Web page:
Work with your creative energy
If, like me, you find yourself too mentally drained from spending hours on your paid work to dive headlong into your passion project afterward, Rose suggests taking a cue from Julia Cameron’s book, The Artist’s Way, and setting aside an hour in the morning each day, or alternately, a few hours in the morning on a weekend. Working on your passion project in the morning ensures you’ll have ample creative bandwidth to make progress on it.
Figure out the natural ebb and flow of your creative energy, and schedule your passion project work accordingly.
Prefer to work at night, like Rose? Whatever the case, figure out the natural ebb and flow of your creative energy, and schedule your passion project work accordingly. Again, see what happens during that time. If you produce something, great, but if not, that’s okay, too.
Sign up for a class
If you crave structure, and you have the means, sign up for a class where you can work on your passion project. By its very nature, a class forces you to focus solely on your project on a regular basis, among other people with similar goals.
“It’s more productive because it’s dedicated time,” Rose says. There are no kids playing in the background, no dirty clothes sitting in a pile waiting to be laundered. A few months ago, I signed up for a beginning memoir class at The Grotto, whose assignments included drafting scenes, which I might not have written otherwise, and I recently signed up for an advanced memoir class to further push me to produce material.
Protect your time
Whatever block of time you set aside for your passion project each day or week, don’t let others interfere with it, Rose says. Honor your commitment to yourself, and treat it as non-negotiable. If a friend you haven’t seen in a while wants to hang out during that window, schedule to see them another time.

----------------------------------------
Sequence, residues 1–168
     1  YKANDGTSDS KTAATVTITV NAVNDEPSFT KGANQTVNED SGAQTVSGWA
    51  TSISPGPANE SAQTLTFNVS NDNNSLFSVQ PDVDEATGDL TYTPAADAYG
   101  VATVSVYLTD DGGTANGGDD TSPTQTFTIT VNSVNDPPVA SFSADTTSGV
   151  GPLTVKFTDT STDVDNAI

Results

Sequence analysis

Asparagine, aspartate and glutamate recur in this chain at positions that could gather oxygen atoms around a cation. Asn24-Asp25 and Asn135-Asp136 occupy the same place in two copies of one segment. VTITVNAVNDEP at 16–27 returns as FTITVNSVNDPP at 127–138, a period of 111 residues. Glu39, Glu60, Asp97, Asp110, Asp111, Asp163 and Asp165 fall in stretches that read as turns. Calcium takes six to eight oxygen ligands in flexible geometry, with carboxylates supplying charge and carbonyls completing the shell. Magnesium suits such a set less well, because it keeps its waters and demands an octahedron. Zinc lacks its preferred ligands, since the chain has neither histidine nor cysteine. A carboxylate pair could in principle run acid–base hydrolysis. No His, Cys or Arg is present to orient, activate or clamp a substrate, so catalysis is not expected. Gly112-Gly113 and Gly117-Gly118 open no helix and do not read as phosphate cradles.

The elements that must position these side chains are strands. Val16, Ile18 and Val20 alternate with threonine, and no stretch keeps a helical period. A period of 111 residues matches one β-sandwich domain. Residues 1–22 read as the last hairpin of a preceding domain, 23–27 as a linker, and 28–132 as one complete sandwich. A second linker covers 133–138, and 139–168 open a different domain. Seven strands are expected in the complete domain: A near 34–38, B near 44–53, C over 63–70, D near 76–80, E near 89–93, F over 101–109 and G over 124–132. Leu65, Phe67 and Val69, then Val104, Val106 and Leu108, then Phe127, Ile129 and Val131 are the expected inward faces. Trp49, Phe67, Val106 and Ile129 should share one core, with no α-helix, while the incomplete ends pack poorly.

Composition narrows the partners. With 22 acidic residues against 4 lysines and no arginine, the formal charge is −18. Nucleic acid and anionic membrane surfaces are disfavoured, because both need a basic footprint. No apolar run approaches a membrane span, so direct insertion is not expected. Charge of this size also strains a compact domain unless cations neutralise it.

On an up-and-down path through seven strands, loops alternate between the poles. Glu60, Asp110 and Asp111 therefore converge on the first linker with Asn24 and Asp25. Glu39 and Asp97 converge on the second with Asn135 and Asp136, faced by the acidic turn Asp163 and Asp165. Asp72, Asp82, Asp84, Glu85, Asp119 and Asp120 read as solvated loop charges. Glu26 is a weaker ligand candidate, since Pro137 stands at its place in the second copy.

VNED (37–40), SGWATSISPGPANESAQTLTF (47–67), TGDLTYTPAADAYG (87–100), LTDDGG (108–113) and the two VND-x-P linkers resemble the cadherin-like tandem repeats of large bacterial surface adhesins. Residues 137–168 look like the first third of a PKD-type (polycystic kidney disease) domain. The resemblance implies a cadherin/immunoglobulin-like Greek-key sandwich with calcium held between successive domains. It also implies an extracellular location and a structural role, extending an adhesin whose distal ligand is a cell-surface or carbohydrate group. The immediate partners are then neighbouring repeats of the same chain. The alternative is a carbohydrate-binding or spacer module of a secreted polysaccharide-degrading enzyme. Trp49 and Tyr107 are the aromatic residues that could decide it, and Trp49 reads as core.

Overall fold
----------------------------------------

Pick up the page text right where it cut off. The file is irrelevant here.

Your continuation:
Spend some time away
If you have the means, apply for an artist’s residency, or book a long weekend in an Airbnb to work on your passion project, away from chores, kids, and the like. And don’t feel like you have to finish it during that time, Rose says. Again, just see what happens.
Take advantage of interstitial time
As much as all of us would love to spend hours on end, uninterrupted, on our passion projects, my Grotto colleague, author Vanessa Hua, points out in the San Francisco Chronicle that some of us may only have “interstitial time” — snatches of time between our daily obligations.
Rather than devoting time to your project only when you have at least two hours at your desk, learn to be flexible and work where and when you can.
While an hour here and there may not seem like enough time to make much headway, these snippets do add up. Hua talks about dictating notes into her phone during grocery trips and a mentor who worked on part of her book at her daughter’s basketball game. Rather than devoting time to your project only when you have at least two hours at your desk, surrounded by scented candles, a mug of piping hot coffee within reach, learn to be flexible and work where and when you can.
Imagine yourself as another person — and prioritize them
Maybe giving yourself permission to delve into a passion project feels indulgent, like it has for me. Especially if you find it easier to prioritize others’ needs over your own, imagine yourself as another person, Rose suggests. Say this person set aside Saturday morning to work on their project, and their friend needed a ride to the airport at that time; would you force them to drive their friend, or suggest their friend ask someone else? “What happens if I step outside my body?” Rose suggests asking yourself. “How would I treat this other person who is me?”
After talking to Rose, I realized that my struggle to gain momentum on my memoir stems largely from my reluctance to prioritize myself, which goes completely against what I’ve been taught to do as a woman, especially as a woman of color. Imagining myself as someone else will hopefully trick me into doing otherwise. Plus, I think my story will resonate with others who grew up believing they had to make themselves small, and I owe it to them to write it. You owe it to yourself, and the world, to complete your project, too.